As contemplative as it is big: the indie rock institution plays songs like outstretched hands.
The National have been dancing to two different beats for years. On the one hand there is a need to write big songs, big melodies; to develop an art in which the big questions of life may not be answered, but are always asked. This approach is most reminiscent of the middle REM. At the same time, Matt Berninger and his colleagues know that boredom lurks behind every door with such pathos, which is why they add numerous hooks to their art: most recently, on I AM EASY TO FIND, it was most obvious recognizable the inclusion of numerous guest singers.
You could read that as an indication that The National are working on dissolving the rock band construct as a male-dominated gang, but also that they simply want to cooperate and exchange ideas. FIRST TWO PAGES OF FRANKENSTEIN takes a step back here. We do hear guests, but they serve the respective songs more than they change their character: Sufjan Stevens breathes a second space into the contemplative, subdued piano and string ballad “Once Upon A Poolside”, which echoes clerically.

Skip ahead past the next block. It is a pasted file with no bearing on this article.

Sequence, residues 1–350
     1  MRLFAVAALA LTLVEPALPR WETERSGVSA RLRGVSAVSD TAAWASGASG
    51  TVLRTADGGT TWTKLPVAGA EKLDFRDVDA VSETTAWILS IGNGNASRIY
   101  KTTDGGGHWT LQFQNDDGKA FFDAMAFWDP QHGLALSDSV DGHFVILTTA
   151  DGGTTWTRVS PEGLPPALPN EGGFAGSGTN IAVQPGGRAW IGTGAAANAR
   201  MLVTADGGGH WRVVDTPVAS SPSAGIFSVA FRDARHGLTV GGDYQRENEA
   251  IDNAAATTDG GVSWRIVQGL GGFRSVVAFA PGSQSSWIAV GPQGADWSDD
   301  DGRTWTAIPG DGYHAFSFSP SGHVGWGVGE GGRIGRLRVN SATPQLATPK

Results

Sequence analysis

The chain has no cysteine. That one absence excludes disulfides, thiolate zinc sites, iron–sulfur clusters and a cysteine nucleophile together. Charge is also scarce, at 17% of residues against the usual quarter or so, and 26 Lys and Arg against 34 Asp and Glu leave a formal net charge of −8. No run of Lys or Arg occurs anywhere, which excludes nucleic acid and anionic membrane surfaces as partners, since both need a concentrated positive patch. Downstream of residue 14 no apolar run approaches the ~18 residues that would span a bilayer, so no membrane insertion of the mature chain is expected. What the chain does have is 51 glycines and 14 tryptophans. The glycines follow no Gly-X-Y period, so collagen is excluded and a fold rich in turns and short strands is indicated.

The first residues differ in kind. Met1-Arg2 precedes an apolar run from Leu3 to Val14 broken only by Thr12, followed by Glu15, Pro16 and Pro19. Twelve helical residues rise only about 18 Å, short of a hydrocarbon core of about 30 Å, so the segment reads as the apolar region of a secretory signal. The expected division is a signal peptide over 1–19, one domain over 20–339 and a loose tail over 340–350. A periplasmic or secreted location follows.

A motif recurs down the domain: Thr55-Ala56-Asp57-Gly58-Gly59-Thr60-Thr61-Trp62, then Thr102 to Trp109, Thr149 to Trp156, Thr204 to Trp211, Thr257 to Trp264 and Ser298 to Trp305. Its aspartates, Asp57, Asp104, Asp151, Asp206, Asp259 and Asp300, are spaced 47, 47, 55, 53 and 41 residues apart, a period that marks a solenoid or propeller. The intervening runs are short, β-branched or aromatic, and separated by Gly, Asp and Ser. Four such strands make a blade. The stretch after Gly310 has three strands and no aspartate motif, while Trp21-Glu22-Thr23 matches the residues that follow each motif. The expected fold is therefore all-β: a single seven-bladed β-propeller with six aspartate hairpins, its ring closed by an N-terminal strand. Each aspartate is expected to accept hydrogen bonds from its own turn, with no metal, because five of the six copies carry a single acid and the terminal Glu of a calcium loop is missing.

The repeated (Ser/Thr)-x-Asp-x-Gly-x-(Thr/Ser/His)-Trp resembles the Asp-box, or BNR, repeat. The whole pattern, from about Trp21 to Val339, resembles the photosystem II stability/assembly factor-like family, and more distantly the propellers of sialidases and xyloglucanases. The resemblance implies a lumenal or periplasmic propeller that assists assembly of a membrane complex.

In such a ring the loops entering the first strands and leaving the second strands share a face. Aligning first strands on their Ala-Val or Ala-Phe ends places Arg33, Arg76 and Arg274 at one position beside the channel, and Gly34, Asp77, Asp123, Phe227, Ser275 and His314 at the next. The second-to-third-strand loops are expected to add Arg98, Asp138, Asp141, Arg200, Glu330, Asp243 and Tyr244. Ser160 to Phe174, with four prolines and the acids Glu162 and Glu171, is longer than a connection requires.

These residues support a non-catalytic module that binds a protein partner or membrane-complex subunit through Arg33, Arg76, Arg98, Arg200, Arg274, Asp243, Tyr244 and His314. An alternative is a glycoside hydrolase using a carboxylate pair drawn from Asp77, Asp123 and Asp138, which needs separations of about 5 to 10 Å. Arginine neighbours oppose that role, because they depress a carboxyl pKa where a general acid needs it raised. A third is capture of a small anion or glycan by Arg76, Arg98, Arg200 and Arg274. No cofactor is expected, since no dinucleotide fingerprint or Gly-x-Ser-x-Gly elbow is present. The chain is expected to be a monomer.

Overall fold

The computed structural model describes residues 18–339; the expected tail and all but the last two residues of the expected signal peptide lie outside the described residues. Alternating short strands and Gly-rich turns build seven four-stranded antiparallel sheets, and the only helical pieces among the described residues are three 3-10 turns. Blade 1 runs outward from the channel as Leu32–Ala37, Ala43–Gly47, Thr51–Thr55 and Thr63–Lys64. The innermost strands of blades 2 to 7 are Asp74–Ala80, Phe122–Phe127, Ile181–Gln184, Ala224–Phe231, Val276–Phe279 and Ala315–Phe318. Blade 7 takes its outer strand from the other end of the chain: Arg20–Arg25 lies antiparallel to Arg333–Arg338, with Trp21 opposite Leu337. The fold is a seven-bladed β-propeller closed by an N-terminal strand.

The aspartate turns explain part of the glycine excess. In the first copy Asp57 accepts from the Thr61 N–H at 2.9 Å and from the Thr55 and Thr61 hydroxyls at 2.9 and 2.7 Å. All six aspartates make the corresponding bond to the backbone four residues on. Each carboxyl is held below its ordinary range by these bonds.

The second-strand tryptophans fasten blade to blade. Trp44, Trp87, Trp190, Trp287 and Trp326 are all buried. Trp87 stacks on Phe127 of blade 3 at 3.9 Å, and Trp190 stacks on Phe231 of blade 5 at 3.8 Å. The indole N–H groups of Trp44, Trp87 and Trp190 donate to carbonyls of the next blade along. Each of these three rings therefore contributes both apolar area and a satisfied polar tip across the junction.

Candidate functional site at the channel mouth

A beautiful record all round
Phoebe Bridgers also stays in the background on “This Isn’t Helping”; Only with Taylor Swift does one have the impression that the fruitful collaboration of the past few years has led to a little more space: “The Alcott” would have done well on Swift’s FOLKLORE or EVERMORE with its mossy beats and tongue-in-cheek aphorisms. But, and this is an important but: The fact that the prominent guests don’t rush through here with their legs apart is incredibly good for the album.
FIRST TWO PAGES OF FRANKENSTEIN is a feat of balance and stockpiles some of the best The National songs ever. “New Order T-Shirt”, at the same time nervous and completely calm, accounting for an apparently past interpersonal relationship, “Ice Machines” with its self-doubt or the final “Send For Me”: a song like an outstretched hand that is almost certainly a hug will follow. A beautiful record all round.